Business code ethics are important; a number of recent business ethics cases prove the need. To be effective, communication and ethics need to be aligned. Use a goal based ethics approach in your business.
In the last decade the focus on ethics in business has dramatically increased.
Attention is coming from all sectors: employees, managers, clients and the general public.
There have been so many legal cases about breaches in a company's code of ethics headlining the news, this attention is hardly surprising.
Yet a number of businesses do not have business code ethics. The potential for lawsuits, and even arrest, is only one of the good reasons to consider having a business code of ethics which will help you to develop written leadership values and focus on managerial ethics.
Having solid business ethics builds better internal and external relationships and a spirit of social and professional cooperation.
Additionally, good reasons to create a business code of ethics include:
When you review the development of your business code of ethics, and what to include, you have to take a long hard look at the business goals and culture and to find a balance between the two.
More businesses are looking at goal based ethics as part of their ethical programs. Goal based ethics are focused on the consequences of decision making or problem solving.
Some definitions of goal based ethics focus on making good decisions rather than the 'right' decision. However, that is not the intent of ethics focused on business goals; in effect if that was the definition, then the term 'goal based ethics' would be an oxymoron ('goal based' would contradict 'ethics'). The decision or solution does not have to be either good or right, it can be both good AND right.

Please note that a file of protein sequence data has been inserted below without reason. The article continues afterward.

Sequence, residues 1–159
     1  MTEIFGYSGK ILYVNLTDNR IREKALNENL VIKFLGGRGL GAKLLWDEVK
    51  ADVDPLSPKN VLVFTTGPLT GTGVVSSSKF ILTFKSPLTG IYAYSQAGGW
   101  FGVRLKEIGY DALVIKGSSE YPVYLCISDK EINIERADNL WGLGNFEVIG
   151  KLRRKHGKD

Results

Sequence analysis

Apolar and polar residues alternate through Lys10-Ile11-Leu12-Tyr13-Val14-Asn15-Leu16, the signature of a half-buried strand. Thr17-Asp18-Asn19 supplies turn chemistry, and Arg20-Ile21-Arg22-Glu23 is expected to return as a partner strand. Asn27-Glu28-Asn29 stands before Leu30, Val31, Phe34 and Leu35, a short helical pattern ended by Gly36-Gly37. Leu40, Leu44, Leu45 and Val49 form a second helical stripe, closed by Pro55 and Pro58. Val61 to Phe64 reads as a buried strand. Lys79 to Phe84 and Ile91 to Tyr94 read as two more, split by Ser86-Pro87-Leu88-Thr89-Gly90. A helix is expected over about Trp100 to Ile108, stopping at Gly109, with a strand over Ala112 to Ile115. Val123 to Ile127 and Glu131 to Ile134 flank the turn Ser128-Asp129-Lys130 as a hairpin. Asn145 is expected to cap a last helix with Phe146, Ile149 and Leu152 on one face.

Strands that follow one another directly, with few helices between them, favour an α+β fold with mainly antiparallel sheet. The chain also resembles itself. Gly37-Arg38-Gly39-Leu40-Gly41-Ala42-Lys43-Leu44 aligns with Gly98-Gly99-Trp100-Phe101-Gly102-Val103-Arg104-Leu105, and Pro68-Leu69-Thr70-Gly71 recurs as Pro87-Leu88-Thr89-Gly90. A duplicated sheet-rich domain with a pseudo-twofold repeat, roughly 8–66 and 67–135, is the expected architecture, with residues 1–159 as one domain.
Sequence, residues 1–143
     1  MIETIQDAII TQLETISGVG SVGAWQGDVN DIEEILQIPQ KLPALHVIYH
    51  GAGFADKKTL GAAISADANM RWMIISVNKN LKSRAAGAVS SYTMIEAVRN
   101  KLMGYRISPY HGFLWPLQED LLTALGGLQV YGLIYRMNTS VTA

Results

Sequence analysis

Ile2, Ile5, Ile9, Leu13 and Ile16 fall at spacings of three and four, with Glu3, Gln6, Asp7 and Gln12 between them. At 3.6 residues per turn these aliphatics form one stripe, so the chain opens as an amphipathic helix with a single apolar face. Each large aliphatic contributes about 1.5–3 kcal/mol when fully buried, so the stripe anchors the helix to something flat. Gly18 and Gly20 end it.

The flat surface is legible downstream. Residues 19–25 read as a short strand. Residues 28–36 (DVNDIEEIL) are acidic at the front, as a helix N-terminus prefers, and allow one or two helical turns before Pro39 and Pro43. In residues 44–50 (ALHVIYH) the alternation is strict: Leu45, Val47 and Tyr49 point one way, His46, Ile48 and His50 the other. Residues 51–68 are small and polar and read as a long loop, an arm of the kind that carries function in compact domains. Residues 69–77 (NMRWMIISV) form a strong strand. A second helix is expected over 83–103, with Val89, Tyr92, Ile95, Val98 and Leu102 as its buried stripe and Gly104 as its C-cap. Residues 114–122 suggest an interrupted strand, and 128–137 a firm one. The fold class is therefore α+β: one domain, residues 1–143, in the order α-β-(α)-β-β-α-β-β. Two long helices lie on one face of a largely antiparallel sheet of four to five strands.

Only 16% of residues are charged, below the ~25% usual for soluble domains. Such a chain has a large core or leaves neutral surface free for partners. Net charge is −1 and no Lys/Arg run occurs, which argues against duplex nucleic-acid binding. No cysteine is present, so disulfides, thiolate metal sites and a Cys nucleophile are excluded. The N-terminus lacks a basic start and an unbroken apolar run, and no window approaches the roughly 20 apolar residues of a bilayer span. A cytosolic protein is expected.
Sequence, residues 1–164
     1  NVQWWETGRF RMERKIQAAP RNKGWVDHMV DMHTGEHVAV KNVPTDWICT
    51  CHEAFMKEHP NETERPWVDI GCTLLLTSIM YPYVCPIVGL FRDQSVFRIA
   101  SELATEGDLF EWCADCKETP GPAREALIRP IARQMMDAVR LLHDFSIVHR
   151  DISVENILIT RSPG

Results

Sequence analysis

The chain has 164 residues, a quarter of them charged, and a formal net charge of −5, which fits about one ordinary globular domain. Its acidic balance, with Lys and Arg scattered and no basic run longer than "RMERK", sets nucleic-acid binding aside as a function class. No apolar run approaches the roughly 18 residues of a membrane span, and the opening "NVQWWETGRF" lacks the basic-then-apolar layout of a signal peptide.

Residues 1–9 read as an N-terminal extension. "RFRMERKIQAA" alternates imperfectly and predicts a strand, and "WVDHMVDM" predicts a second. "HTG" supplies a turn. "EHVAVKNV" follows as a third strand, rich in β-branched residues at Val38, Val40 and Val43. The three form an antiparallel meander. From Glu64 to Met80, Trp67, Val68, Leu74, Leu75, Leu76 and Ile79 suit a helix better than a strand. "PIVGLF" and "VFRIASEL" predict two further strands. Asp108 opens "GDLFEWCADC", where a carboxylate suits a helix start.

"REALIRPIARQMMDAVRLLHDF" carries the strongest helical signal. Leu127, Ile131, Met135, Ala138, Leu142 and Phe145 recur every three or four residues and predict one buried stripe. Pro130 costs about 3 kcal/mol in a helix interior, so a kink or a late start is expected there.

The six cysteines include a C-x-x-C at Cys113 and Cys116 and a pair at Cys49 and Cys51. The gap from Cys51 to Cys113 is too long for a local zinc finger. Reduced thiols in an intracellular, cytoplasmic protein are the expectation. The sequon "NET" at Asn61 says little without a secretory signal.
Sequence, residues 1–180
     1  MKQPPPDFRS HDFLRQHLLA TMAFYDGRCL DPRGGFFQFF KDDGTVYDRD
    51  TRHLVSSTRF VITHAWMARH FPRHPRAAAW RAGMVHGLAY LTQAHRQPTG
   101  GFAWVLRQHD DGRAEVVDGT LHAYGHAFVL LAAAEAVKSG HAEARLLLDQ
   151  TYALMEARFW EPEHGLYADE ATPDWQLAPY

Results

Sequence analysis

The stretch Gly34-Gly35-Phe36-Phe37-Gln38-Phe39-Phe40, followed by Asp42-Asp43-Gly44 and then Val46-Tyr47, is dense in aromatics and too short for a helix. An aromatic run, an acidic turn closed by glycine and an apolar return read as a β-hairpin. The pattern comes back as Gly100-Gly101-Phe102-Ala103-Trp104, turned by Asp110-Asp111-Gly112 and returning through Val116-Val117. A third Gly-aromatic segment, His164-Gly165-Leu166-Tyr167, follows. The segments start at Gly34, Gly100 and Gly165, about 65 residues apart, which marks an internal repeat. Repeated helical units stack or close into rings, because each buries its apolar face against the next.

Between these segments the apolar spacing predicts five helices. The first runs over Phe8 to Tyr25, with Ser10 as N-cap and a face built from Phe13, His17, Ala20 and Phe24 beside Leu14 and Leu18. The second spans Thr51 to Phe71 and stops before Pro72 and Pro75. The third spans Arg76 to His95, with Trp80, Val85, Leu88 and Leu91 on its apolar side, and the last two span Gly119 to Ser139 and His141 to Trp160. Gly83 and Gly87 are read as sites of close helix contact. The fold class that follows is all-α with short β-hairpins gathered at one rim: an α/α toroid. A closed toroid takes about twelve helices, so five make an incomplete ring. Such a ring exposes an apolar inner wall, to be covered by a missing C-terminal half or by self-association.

Recent business ethics cases demonstrate the escalating ethics issues. For example, where an analyst has been fired for personal trading or an employee is charged with fraud and/or embezzlement.
These cases support the need to develop goal based ethics policies and practices, along with measures to assess that those policies are being followed.
While media reports focus on the sensational cases, in business there are often many more ethical decisions or reasons to be developed that are not high profile; just every-day decisions.
In those instances, the decisions or solutions are often a case of 'right versus right'; that is a choice between two right decisions. For example, do you charge one customer more than another because the one is more of a challenge to work for?
Once you've developed your business code ethics you need to communicate them internally and externally to all stakeholders.
In addition you need to ensure that you develop a communication policy that incorporates ethics. And, make sure to include the following key points:
Ethical business communication means being responsible for what you say, what you do, and HOW you say it. Responsibility and accountability is the hub around which a good business code of ethics revolves.
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(Note from Kris: I was happy to give permission to use as the source was fully credited.)
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